Looks like it’s gonna pour: Storm-water meetings coming up

Polluted storm-water runoff can contain anything from silt to pesticides to diesel spills. When it hits public waterways, the consequences can be far-reaching: Swimmers may be put at risk, endangered species’ habitats may suddenly become inhospitable, and the overall quality of rivers and streams may be degraded over time. Under federal law, Asheville is required to revisit its Stormwater and Erosion Control Ordinance every so often, and the revised plan is due this summer. After several months of internal evaluations, the city is gearing up to open the floodgates and invite public input on the Stormwater Ordinance.

An upcoming series of three public meetings will be hosted by the city’s Stormwater Services Division at the Public Works Building (161 S. Charlotte Street, Room A-109).  The first two meetings will focus on key aspects of the Stormwater Ordinance revisions. On Thursday, Aug. 9 (that’s tomorrow), from 10 a.m. to noon, the focus will be on buffer zones.

On Tuesday, Aug. 14, from 10 a.m. to noon, the division may well receive a torrent of public comment on the topic of inspections and enforcement. And on Wednesday, Aug. 15, from 5:30 to 7:30 p.m., a third meeting will open up the discussion for any remaining issues or follow-up questions.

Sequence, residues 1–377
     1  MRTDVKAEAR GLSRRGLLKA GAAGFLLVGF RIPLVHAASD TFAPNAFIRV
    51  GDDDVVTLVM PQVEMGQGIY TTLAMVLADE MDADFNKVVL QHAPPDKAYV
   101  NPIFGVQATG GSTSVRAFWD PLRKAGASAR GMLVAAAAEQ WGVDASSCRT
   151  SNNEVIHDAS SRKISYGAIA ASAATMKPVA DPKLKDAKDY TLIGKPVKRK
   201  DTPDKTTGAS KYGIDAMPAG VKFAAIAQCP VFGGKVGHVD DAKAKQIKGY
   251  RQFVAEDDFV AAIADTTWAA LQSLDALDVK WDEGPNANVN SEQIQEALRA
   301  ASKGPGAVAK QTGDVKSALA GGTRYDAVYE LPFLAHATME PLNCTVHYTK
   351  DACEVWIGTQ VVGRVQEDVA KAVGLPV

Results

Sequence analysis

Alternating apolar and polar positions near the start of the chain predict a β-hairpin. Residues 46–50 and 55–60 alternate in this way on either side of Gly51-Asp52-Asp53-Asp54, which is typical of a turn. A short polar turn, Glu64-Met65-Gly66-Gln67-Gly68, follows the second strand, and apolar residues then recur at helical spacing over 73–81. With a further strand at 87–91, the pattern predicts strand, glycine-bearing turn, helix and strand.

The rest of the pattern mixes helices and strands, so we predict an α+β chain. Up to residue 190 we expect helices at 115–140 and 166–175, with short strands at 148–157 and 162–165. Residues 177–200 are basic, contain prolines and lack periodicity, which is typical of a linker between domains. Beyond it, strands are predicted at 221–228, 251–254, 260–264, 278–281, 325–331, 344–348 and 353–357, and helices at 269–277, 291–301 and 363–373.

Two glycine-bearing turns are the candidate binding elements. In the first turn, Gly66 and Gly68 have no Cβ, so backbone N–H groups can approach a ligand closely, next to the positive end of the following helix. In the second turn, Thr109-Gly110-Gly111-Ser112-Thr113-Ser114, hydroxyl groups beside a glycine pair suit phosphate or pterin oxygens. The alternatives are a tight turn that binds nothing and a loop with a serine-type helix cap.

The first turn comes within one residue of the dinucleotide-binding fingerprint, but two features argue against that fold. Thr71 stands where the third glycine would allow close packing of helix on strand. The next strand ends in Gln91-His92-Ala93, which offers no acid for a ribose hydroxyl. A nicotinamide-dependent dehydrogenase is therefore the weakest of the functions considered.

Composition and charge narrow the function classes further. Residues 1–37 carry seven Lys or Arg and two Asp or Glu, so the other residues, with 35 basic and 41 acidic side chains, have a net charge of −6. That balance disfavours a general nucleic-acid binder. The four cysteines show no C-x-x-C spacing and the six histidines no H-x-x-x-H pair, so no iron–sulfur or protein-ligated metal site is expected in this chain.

Storm-water runoff has been a hot issue as of late, with neighbors of some construction sites complaining about lax enforcement of existing regulations. For background on the city’s ordinance, click here.

— Rebecca Bowe, contributing editor


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2 thoughts on “Looks like it’s gonna pour: Storm-water meetings coming up

  1. Screwy Hoolie

    While it’s important to continually revisit and review our ordinances, it’s just as important to enforce the ones we have on the books now. Most developers work hard to stay withing the law, but too many assume lax enforcement and do lax work to protect the environment and the homes of those living nearby.

  2. In my opinion, rain comes from God and only He should be allowed to tax it.

    City council only THINKS they qualify.

    What’s next? Air? Sunlight?


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